I’m more interested in the possibility of an iMac-like docking station. Speculation had it that this device would be usable with a MacBook. Much to my chagrin, because I’d really love such a set-up, I suspect that’s true for one simple reason. The MacBook’s optical drive is on its side, the side that would be “open” to the user when the MacBook was in place inside its shell. The MacBook Pro’s optical drive is on its front, implying (from the device’s patent drawings) that the optical disk would have to eject downward toward the desk (not practical) or upward through its top (awkward). If Apple does release such a docking station and applies it to its consumer-based laptops only, then it’ll be another shot across the bow of its professional laptop user base. We’re already suffering from the
hard drive in the MacBook being user-upgradeable but the MacBook Pro’s is not.

On the other hand, if the iMac-docking station is introduced and works with the 12 inch portable only, both MacBook and MacBook pro users will grudgingly accept that. That’s not to say there wouldn’t be a lot of pressure on Apple to adapt the docking station for its other products. It’s just that everyone is used to Apple introducing a new concept you have to buy into, as expensive as that might be. Bad for us; good for them.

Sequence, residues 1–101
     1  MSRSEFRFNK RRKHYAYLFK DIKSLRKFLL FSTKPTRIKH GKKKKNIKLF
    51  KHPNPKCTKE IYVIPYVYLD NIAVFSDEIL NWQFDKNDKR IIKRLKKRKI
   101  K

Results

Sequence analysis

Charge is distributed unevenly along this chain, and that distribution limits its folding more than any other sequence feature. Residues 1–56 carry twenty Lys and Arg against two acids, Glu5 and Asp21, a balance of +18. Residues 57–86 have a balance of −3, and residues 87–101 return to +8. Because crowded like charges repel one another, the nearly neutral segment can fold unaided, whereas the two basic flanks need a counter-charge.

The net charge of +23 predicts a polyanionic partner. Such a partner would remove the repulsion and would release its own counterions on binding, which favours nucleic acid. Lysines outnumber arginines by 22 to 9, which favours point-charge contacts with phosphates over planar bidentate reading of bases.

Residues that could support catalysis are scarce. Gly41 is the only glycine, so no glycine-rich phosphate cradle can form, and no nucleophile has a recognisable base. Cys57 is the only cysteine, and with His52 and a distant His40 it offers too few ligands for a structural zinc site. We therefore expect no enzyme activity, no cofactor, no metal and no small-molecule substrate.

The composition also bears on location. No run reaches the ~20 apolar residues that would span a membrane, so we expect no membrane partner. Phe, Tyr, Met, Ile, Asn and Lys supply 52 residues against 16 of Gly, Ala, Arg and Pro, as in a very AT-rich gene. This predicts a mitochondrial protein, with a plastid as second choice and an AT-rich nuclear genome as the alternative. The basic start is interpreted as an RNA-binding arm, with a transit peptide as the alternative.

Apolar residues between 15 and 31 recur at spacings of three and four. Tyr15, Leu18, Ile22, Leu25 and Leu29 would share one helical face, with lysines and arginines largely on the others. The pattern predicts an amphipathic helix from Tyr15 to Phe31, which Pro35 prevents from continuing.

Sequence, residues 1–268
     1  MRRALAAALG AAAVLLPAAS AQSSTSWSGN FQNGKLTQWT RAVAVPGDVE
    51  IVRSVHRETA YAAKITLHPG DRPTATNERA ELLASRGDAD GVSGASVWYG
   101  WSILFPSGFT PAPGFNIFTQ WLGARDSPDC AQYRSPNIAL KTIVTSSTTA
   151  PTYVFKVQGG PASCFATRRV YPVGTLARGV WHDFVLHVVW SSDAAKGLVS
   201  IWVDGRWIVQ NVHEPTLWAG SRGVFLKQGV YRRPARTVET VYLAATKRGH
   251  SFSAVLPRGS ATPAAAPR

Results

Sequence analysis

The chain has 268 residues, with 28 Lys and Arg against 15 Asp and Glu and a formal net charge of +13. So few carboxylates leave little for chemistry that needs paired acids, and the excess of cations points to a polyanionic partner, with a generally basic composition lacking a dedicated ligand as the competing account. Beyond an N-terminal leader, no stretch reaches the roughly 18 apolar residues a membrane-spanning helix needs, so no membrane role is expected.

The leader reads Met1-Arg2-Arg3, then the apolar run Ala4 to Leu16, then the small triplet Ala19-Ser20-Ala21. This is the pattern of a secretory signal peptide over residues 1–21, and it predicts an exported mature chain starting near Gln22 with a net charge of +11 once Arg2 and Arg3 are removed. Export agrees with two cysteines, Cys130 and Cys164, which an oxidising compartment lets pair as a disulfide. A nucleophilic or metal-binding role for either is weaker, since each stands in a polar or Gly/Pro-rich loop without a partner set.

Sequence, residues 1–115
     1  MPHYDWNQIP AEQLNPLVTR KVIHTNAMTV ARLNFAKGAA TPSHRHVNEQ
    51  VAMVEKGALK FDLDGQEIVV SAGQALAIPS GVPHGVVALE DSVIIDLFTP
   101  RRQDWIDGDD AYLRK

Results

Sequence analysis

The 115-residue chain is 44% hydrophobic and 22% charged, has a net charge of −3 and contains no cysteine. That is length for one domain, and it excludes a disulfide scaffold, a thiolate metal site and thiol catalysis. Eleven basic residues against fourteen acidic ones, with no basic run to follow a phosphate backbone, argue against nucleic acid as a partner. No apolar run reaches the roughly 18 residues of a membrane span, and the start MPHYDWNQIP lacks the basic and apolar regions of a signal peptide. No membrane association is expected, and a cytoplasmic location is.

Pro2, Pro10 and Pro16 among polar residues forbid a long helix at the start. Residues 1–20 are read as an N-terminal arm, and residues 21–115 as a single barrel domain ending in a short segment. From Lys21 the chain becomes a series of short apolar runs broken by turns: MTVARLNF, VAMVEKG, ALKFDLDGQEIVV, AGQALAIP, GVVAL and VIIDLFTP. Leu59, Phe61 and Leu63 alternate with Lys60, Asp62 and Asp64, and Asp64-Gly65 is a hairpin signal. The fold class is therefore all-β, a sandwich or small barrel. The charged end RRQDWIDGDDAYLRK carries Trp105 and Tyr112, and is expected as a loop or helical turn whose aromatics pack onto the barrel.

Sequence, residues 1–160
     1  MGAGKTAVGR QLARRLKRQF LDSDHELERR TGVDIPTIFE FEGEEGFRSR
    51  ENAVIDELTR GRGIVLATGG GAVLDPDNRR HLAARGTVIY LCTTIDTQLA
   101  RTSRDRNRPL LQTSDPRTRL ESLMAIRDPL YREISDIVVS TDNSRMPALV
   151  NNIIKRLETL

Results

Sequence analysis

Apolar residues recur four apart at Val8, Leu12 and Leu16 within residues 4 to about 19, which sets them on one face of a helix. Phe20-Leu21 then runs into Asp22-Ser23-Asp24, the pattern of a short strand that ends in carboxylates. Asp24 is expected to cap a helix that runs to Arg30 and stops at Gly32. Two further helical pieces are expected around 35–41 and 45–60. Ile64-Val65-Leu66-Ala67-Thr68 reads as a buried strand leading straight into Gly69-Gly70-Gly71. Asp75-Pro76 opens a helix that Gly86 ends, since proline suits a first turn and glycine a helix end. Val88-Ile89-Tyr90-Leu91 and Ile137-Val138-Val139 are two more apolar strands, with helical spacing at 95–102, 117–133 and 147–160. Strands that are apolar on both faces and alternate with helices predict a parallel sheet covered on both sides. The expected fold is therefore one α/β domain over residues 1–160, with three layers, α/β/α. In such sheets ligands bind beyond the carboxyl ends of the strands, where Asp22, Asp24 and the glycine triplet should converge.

If I get surprised and they introduce a 20 or 24 inch docking station that works with the MacBook Pro, essentially converting my portable into a working iMac desktop, I probably will buy that product. It would be more elegant than the solution I’m using now, i.e., a MBP plugged into an external keyboard and mouse, even though it would be no more efficient or flexible. It’s a quality of life improvement I’m after. Less chords. More pleasing appearance and interface.

That’s not to say this week won’t already be expensive enough. Along with the keynote on Tuesday, Microsoft will be releasing the new Intel-native Office 2008. We will buy one copy of the Home and Student version primarily for my wife’s use, though I also intend to load one copy up for me to evaluate. (I’m awaiting a copy of Office 2008, the Special Media Version, which won’t arrive for another six to eight weeks. That was part of Microsoft’s Black Friday deals, one of which –the $100 rebate—they’re reneging on by claiming I didn’t include the front cover from user manual of the Office 2004 Student and Teacher version I bought and I damn well did!) That said, it actually looks like Best Buy may have the best price on the software, and we plan to buy it from there. This Sunday’s newspaper ad touted the Tuesday release; I’ll let you know whether the local store has any copies or not then.

I’m really not looking for Apple to introduce an iLife09 and hope they don’t; I haven’t really pushed out the investment I made in iLife 08!